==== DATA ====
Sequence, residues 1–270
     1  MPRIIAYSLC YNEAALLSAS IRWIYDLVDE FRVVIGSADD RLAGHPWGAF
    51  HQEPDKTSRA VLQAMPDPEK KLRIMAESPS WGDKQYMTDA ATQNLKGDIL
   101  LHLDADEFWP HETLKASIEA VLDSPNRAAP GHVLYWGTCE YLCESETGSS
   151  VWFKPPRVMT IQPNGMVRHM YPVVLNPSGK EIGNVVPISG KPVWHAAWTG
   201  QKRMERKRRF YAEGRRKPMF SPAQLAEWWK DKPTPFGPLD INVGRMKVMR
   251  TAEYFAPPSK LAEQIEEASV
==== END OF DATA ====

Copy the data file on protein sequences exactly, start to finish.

Sequence, residues 1–270
     1  MPRIIAYSLC YNEAALLSAS IRWIYDLVDE FRVVIGSADD RLAGHPWGAF
    51  HQEPDKTSRA VLQAMPDPEK KLRIMAESPS WGDKQYMTDA ATQNLKGDIL
   101  LHLDADEFWP HETLKASIEA VLDSPNRAAP GHVLYWGTCE YLCESETGSS
   151  VWFKPPRVMT IQPNGMVRHM YPVVLNPSGK EIGNVVPISG KPVWHAAWTG
   201  QKRMERKRRF YAEGRRKPMF SPAQLAEWWK DKPTPFGPLD INVGRMKVMR
   251  TAEYFAPPSK LAEQIEEASV